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HILL COULD SUFFER UNDER A PLAN TO SHIFT WORK TO PRIVATE FIRMS

SHARE HILL COULD SUFFER UNDER A PLAN TO SHIFT WORK TO PRIVATE FIRMS

The Air Force's plan for the next quarter century includes shifting more support services to private contractors - which may spell trouble for Hill Air Force Base.

That base, Utah's single largest employer, is one of five huge air logistics centers nationally that provide depot-level maintenance - such as scheduled maintenance, upgrades and repairs to F-16 fighters.The new document continues a push by the Clinton administration to turn over as much support work as possible to private contractors.

For example, the administration even proposed last year to "privatize in place" two of Hill's sister depot bases in Texas and California - even though they had been ordered shut in the base-closing process - by giving their operations to contractors.

That would take away work Hill would otherwise receive and reduce its ability to use its facilities to capacity - which makes its survival more shaky. Republicans in Congress have so far successfully blocked such "privatization in place."

But the new document may help set the stage for continued fighting on it because it says the Air Force will "push more support functions into the civilian work force and, in many cases, into the private sector."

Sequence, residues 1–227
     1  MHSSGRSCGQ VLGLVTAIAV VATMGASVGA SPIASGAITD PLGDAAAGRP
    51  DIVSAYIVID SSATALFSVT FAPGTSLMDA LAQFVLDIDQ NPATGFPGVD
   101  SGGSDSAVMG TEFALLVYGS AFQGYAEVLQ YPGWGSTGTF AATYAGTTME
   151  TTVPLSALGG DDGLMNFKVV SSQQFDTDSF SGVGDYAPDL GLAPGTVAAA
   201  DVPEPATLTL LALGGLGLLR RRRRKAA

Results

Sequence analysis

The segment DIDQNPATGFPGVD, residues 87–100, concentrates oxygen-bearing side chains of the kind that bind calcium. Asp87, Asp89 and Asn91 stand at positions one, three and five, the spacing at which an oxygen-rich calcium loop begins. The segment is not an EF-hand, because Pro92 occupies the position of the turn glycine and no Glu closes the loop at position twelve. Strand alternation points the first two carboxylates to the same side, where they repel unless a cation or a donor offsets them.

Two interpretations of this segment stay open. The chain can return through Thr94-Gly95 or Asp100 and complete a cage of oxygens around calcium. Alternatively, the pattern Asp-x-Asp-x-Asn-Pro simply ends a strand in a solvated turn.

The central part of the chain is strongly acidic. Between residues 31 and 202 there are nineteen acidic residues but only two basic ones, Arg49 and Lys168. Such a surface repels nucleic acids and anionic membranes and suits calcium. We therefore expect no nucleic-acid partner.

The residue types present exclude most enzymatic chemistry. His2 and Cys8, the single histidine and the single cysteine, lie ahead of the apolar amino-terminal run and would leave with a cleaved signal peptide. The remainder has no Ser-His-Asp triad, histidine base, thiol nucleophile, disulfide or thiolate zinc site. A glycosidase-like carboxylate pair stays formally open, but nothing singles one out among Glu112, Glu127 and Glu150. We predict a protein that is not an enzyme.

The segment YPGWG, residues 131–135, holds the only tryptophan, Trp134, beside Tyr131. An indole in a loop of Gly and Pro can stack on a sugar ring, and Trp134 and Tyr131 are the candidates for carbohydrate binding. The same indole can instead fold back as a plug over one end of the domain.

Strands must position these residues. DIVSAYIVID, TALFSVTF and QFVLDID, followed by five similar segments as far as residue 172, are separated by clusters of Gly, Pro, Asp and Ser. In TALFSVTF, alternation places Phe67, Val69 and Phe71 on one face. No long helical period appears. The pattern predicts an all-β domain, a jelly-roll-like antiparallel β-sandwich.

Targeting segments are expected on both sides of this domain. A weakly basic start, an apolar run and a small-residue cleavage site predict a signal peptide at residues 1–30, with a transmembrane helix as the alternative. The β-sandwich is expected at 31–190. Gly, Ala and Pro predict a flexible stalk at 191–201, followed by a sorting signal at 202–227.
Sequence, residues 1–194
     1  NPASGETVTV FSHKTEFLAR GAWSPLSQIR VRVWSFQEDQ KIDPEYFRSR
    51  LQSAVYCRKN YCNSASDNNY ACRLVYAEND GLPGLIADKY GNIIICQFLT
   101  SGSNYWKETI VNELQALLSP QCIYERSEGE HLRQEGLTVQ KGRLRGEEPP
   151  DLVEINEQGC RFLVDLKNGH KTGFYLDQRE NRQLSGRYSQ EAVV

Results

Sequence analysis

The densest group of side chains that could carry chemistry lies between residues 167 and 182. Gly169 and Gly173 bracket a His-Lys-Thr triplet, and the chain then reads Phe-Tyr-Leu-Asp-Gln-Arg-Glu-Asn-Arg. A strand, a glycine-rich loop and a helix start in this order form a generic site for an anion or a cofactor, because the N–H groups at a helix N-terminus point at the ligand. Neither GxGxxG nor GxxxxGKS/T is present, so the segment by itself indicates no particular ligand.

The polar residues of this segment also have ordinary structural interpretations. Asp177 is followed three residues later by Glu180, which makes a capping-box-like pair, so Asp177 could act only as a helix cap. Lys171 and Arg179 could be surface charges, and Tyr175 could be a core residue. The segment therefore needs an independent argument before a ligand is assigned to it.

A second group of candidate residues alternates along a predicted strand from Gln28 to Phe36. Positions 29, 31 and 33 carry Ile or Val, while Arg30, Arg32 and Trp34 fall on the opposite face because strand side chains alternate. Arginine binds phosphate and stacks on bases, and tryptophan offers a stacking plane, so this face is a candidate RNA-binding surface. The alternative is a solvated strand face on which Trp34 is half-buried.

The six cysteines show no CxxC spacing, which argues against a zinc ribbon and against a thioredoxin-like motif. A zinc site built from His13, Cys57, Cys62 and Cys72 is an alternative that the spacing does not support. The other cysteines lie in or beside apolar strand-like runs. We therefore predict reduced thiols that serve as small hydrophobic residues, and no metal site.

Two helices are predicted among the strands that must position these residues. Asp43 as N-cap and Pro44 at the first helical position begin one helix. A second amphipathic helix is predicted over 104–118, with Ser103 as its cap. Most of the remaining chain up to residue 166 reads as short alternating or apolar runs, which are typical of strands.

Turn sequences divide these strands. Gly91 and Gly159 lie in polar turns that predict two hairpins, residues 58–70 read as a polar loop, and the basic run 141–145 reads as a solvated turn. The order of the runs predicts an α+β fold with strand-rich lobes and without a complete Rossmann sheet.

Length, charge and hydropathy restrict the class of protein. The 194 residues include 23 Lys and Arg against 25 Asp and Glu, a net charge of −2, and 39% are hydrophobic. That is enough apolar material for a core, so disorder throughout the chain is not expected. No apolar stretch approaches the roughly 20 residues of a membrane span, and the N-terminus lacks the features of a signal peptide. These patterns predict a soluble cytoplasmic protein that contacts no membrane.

Gen. Dave McIlvoy, head of long-range planning for the Air Force, told the Deseret News that is just a general goal, and what it means specifically for bases such as Hill has not yet been evaluated.

"The direction is to take a look and ensure best value for an organization, look at areas where it makes sense to privatize with no particular recommendation on what to do," he said.

But Bill Johnson, legislative director for Rep. Jim Hansen, R-Utah, said it signals coming battles over where to draw lines on what should be contracted and what the Air Force should retain itself.

Johnson said that among those fights may be another round of whether to allow "privatization in place" to save bases competing with Hill - even though changes sought by Clinton to allow it last year were all soundly defeated.

"It's up to them to decide whether to fight that again. If they do, I know what will happen. We will win again," Johnson said.